THE LONG DAY CLOSES
Directed and written by Terence Davies
With Leigh McCormack, Marjorie Yates, Ayse Owens, Nicholas Lamont, Anthony Watson, Tina Malone, and Jimmy Wilde.
I began making films [out of] a deep need . . . to come to terms with my family’s history and suffering, to make sense of the past and to explore my own personal terrors, both mental and spiritual, and to examine the destructive nature of Catholicism. Film as an expression of guilt, film as confession (psychotherapy would be much cheaper but a lot less fun). –Terence Davies
With The Long Day Closes English filmmaker Terence Davies completes his second autobiographical trilogy. (Faber and Faber has conveniently published the screenplays of the six films–all his films to date–with an introduction by Davies, under the title A Modest Pageant.) I haven’t seen the first trilogy–Children (1976), Madonna and Child (1980), and Death and Transfiguration (1983)–but the first two parts of the second, shot in 1985 and 1987 and distributed as a single feature, Distant Voices, Still Lives (1988), still strikes me as one of the greatest of all English films.
If The Long Day Closes–which I’ve seen only two times, ten months apart–seems somewhat less strong, it is still a masterpiece powerful enough to blow every other new movie currently playing in Chicago out of sight and out of mind. In one fell swoop it makes a summer of garbage seem blissfully irrelevant, restoring to cinema the sheer pleasure of sound and image that the warmed-over plots and Pavlovian commands of the “summer releases” can’t begin to approximate. Seeing and hearing this movie is tantamount to having one’s eyes and ears thoroughly cleaned. If the media seem predictably underwhelmed by this opportunity, it may be partly because critics have already squandered most of the apt terms for The Long Day Closes on the summer’s usual round of juvenile misogynistic and xenophobic thrillers and smart-alecky comedies. Having read and heard over the past months that Reservoir Dogs, Cliffhanger, The Firm, and In the Line of Fire are all about “redemption,” what sense does it make to say that The Long Day Closes is about redemption too? It’s rather like saying that Jurassic Park, Last Action Hero, Sleepless in Seattle, Another Stakeout, and Handel’s Messiah all traffic in transcendental enlightenment.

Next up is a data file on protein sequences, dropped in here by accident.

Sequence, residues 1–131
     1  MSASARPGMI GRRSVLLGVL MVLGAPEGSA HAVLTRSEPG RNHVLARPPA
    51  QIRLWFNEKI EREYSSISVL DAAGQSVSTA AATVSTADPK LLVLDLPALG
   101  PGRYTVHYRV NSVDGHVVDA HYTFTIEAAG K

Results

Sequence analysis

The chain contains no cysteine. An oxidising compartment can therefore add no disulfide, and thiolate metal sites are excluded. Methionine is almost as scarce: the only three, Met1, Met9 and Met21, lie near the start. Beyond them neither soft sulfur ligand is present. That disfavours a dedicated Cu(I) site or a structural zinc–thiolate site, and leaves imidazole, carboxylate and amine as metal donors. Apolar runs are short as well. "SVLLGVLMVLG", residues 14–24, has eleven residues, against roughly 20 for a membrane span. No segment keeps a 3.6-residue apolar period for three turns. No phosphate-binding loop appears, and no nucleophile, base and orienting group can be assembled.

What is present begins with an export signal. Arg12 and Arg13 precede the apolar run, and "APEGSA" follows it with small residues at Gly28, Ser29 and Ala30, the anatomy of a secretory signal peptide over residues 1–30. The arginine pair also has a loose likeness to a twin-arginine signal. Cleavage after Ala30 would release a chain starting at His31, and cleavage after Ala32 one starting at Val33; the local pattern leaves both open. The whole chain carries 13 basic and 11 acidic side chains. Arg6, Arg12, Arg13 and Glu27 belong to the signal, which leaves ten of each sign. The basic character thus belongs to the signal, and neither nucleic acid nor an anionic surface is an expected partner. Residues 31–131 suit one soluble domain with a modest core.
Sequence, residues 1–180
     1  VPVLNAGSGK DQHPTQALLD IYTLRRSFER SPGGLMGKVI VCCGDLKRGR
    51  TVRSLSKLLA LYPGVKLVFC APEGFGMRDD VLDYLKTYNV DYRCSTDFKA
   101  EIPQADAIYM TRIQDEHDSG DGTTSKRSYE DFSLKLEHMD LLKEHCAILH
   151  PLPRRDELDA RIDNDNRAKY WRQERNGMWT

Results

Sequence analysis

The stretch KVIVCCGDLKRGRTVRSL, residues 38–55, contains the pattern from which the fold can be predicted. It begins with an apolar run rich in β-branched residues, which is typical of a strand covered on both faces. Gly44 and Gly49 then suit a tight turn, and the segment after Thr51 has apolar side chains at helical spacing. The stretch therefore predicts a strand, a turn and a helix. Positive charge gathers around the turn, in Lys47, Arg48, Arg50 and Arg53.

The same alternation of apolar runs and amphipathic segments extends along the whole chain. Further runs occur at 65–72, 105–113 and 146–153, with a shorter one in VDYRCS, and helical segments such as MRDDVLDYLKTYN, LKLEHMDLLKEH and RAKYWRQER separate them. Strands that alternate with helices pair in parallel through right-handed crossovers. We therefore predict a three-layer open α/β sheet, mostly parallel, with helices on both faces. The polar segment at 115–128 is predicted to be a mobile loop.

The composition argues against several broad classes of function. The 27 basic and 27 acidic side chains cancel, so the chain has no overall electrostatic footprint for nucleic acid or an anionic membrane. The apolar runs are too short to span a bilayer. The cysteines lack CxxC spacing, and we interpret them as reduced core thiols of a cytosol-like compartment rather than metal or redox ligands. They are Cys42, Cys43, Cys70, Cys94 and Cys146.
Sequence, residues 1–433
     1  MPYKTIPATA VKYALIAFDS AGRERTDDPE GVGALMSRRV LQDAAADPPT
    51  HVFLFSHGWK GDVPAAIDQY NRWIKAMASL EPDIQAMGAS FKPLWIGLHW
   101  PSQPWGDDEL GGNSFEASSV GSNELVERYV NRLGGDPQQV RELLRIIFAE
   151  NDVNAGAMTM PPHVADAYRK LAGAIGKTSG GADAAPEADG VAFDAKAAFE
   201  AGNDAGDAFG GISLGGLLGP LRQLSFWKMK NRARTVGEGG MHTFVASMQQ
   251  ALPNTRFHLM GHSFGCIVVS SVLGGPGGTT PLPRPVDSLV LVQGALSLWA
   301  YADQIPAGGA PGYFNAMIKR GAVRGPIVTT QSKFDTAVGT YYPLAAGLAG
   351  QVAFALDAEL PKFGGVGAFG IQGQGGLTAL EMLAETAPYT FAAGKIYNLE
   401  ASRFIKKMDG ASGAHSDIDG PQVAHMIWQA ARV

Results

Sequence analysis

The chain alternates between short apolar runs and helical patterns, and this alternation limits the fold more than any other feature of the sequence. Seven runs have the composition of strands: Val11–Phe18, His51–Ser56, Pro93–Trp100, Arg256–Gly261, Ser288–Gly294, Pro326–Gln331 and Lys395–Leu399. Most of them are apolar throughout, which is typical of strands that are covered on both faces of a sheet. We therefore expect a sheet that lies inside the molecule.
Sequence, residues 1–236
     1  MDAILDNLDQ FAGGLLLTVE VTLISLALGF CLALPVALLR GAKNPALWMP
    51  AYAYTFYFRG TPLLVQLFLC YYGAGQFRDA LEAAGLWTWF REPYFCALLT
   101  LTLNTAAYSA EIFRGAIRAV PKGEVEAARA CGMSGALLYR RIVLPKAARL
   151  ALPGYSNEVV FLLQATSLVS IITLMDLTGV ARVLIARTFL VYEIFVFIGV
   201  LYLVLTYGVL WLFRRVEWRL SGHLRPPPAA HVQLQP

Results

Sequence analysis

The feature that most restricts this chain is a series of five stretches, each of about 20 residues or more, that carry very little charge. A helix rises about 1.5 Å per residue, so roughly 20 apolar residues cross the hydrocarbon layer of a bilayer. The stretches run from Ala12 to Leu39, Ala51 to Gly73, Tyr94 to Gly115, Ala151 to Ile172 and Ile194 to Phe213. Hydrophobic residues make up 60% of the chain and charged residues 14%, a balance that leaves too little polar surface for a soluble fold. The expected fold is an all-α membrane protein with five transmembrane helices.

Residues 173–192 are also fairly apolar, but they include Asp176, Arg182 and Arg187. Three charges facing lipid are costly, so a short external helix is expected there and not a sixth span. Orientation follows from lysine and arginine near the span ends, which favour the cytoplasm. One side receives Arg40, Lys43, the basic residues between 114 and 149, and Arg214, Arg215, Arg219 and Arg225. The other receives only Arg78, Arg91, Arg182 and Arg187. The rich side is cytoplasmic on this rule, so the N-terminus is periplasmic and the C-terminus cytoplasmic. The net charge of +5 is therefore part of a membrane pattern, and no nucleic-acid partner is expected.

Davies has stated that The Long Day Closes is the last autobiographical film he intends to make–he is currently planning to direct an adaptation of the late John Kennedy Toole’s The Neon Bible in the United States–but it’s worth pointing out that for him autobiography has always involved a certain amount of poetic license. He was born in Liverpool in 1945, and while Children begins with a boy much like himself in the late 50s, Death and Transfiguration ends with the same character as an old man, dying alone in a geriatric ward. (A similar–and similarly painful–trajectory is traced in Davies’s hard-to-come-by 1984 novel, Hallelujah Now, also divided into three sections, which deals in part with his agonies as a shy and guilt-ridden homosexual with masochistic tendencies.) Distant Voices, Still Lives is largely based on family events Davies learned about secondhand, from his mother and older siblings–mainly relating to his brutal father, who died when he was seven. And The Long Day Closes, which covers his life in Liverpool between the ages of 7 and 11, compresses all its events into two years, 1955 and 1956. “Whole periods of time are elided into a few seconds of screen time,” Davies has said of his films, “while other moments, insignificant in themselves, are expanded into whole sequences.”
Though the same actors are used in both sections of Distant Voices, Still Lives, different actors and different names are used for the same characters in The Long Day Closes. The locations, however, are similar (if not identical): both features are set in the same desolate, dingy working-class house and Liverpool neighborhood. Davies’s surrogate is named Tucker in his first trilogy and Bud in The Long Day Closes; in Distant Voices, Still Lives he has no surrogate.